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The Article Modern Drummer Magazine Refused to Publish: Alfred Nobel and the Invention of the Microphone: by Paquito D'Rivera

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The Article "Modern Drummer Magazine" Refused to Publish

Alfred Nobel And The Invention of The Microphone"

By Paquito D'Rivera

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PAQUITO D'RIVERA

Paquito D’Rivera defies categorization. The winner of twelve GRAMMY Awards, he is celebrated both for his artistry in Latin jazz and his achievements as a classical composer.

Born in Havana, Cuba, he performed at age 10 with the National Theater Orchestra, studied at the Havana Conservatory of Music and, at 17, became a featured soloist with the Cuban National Symphony.

As a founding member of the Orquesta Cubana de Musica Moderna, he directed that group for two years, while at the same time playing both the clarinet and saxophone with the Cuban National Symphony Orchestra. He eventually went on to premier several works by notable Cuban composers with the same orchestra. Additionally, he was a founding member and co-director of the innovative musical ensemble Irakere. With its explosive mixture of jazz, rock, classical and traditional Cuban music never before heard, Irakere toured extensively throughout America and Europe, won several GRAMMY nominations (1979, 1980) and a GRAMMY (1979). Read more...

I strongly believe that technology is here to help the art form, not to overwhelm it, but tragically, with a very few, each day more and more scarce exceptions, the invention of the microphone, that is credited to the German Emile Berliner in 1876, 

Emile Berliner

Inventor of the microphone 

Alfred Nobel 

The Inventor of Dynamite

has resulted almost as damaging as the dynamite by Alfred Nobel, that both have been used and abused into creating irreversible material destruction by the later, as well as serious damages in the good taste of listeners by Berliner’s artificial amplification device. All of that with the support of sound engineers and the consent of the musicians –some of them talented professionals–, that increasingly ask for more and more volume in their reference speakers, and consequently into the house. It seems like if we’ve all reached the conclusion that the louder, the music is heard better, the volume is supposed to be a synonym with energy, and the one that screams more is the one that wins. Doesn’t it go that way?” How sad!

I have witnessed the volume and reverb go up so high on Dave Valentin’s flute, that it converted his gorgeous, natural sound into a synthesizer, more appropriate for a Heavy Metal band, than to play “Obsesion”, the beautiful Pedro Florez classic and classy tune he and his many fans enjoy so much. Nowadays the circus, the unnatural pyrotechnics, the addiction to gimmicks for provoking easy applauses, bad taste and that excessive volume have hit Jazz and popular music as a tsunami, so everything now is forte and fortissimo.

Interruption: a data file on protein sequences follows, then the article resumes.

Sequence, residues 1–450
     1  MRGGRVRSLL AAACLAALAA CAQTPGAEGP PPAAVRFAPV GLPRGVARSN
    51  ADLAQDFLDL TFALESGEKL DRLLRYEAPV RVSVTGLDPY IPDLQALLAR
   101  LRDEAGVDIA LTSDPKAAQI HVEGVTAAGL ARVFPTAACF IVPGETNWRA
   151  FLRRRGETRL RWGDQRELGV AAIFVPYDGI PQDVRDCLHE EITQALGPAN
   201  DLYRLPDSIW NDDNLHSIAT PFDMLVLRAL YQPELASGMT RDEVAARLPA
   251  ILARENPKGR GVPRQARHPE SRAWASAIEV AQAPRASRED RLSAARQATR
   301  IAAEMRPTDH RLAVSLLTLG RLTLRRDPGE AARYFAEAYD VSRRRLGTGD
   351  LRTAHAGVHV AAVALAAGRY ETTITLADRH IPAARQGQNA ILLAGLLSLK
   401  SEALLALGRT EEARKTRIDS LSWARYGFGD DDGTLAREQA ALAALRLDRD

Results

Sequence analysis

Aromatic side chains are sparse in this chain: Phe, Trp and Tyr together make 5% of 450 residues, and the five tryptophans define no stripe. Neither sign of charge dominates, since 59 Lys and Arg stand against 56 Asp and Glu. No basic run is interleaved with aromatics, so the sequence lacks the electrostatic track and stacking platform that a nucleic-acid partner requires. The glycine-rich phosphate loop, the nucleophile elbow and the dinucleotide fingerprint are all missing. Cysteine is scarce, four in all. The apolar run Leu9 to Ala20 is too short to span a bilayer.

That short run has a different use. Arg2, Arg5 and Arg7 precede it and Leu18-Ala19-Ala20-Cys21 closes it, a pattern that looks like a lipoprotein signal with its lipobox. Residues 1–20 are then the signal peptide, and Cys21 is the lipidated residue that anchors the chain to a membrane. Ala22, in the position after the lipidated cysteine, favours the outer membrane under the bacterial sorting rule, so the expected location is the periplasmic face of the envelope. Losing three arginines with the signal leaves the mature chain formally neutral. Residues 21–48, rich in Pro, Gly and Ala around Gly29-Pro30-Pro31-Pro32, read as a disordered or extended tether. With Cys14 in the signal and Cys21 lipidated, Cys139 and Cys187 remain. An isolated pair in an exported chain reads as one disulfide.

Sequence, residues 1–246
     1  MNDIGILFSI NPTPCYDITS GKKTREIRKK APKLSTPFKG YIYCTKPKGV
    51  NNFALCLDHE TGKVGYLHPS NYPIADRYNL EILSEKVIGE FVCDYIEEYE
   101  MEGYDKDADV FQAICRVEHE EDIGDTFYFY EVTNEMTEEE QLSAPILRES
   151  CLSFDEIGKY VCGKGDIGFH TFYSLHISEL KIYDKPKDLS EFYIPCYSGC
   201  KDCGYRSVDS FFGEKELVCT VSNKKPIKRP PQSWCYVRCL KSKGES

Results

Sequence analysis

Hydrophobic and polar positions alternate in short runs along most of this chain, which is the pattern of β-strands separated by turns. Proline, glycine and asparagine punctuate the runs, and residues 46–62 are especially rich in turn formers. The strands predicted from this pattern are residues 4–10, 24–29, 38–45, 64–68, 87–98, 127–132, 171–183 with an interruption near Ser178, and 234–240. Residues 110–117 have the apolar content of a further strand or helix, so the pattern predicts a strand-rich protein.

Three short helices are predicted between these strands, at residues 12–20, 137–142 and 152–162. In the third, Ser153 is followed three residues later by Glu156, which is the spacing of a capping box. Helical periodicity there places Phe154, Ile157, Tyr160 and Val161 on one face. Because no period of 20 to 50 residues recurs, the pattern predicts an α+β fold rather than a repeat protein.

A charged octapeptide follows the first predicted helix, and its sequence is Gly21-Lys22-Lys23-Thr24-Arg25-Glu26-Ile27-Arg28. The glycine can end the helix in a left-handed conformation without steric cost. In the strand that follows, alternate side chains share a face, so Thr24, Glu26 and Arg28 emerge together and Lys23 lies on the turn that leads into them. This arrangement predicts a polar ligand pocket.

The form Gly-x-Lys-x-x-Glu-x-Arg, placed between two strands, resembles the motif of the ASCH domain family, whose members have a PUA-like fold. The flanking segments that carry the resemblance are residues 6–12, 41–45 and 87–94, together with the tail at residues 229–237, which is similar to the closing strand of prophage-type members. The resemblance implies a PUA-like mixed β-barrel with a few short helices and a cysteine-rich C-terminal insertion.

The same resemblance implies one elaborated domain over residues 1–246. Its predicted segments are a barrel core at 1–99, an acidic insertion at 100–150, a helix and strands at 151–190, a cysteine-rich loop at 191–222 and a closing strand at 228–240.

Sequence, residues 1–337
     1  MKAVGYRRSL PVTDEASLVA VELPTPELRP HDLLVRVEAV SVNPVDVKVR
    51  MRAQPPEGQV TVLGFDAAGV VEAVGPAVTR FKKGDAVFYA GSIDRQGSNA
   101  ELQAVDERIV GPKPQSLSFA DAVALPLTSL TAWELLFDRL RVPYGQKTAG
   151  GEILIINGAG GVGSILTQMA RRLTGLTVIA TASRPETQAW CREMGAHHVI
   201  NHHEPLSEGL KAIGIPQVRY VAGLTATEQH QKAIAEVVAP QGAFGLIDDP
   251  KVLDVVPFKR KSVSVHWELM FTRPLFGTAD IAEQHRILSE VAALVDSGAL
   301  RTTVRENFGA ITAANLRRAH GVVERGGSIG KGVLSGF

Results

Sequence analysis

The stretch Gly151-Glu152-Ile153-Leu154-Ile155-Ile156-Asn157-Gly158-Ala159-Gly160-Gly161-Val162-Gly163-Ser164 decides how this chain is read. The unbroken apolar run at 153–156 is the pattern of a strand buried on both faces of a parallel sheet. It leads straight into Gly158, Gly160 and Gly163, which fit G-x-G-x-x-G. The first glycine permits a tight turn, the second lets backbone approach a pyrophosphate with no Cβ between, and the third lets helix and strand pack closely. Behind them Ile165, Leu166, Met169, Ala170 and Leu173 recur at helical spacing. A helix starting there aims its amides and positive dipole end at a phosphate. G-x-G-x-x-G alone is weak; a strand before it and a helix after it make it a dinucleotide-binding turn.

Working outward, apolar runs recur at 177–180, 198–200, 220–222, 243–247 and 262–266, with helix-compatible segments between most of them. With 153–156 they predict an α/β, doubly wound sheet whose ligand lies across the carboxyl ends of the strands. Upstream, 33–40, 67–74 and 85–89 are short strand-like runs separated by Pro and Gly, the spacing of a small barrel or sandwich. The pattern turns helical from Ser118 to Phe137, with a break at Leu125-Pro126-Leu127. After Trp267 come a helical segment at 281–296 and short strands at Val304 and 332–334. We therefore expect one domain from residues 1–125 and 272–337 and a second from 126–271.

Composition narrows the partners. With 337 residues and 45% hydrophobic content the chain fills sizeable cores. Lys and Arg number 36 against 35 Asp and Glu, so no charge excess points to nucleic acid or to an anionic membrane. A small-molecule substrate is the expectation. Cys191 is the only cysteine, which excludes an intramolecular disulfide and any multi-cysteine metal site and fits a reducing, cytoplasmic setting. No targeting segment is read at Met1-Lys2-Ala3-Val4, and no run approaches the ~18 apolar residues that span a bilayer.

Rudy Van Gelder, recording engineer

A few years ago the legendary recording engineer Rudy Van Gelder, who made all those famous recordings for Impulse, Blue Note, CTI and Atlantic with Coltrane, Monk, Hubbard, Rollins, Miles, Lee Morgan and all those hip jazzmen of the 50’s and 60’s, had the guts to say – I believe it was in a Down Beat interview – that “ Jazz pianists don’t want or don’t know how to get a decent sound on the piano”.

And to certain point he was right since it is really difficult to find jazz pianists with the elegant, delicate, yet swinging sound of Kenny Baron,

Teddy Wilson,

Makoto Ozone,

Renee Rosnes,

Oscar Peterson

or Bill Evans,

and there is no doubt that some of the fault lies on the drummers that everyday play loud and louder, forcing the pianists to bang on the keys, to ask for more volume on their wedges and thus destroying the inherent acoustic character of the instrument.


( I bet that was one of the reasons that Nat “King” Cole, many times didn’t use a drummer in his trio).  “Give me more piano on my monitor” is the usual request, and my answer is always another simple question: Why don’t you play more softly so that you can hear what the “freakin” pianist is playing…You left the brushes at home or what?


The great Argentinean pianist Jorge Dalto was convinced that drummers were carriers of the “original sin”, and when they did play another way –meaning softly and tastefully–, it was with great effort and going against their nature. “Otherwise they would have taken up the harp or the violoncello, no?”, he would say half in jest.

I think Dalto was exaggerating a little bit, since still you are able to find drummers like Ben Riley,


Ernie Adams or the wonderful Brasilian


Edu Riberio to make you swing your butt off without breaking your eardrums.  So please do not misunderstand me.

95% of hearing loss is irreversible

"Impeccable musical balance"

Modern Jazz Quartet

 

The drum set, as well as the brass and even the saxophones, are instruments that have strong sonorous presence, so I think that by having that in mind all the time would make a big difference in balance and finesse.

–“If you can’t hear the guy next to you, you’re playing too loud. That’s the only way to play in tune…”–, is a sentence I hear since my early days at the conservatory. But how in heaven can I listen and play in tune with the guy next to me if I am not even able to hear my own horn with all that noise around me? And then we have the bass players, that since the electric bass emerged on the scene, many of them think that they’re always playing with KISS, Metallica or Deep Purple. Usually they ally with the drummers, and I even think that they buy earplugs together, in sets of four, so that in between themselves can have some fun while make life unbearable to the rest of the musicians.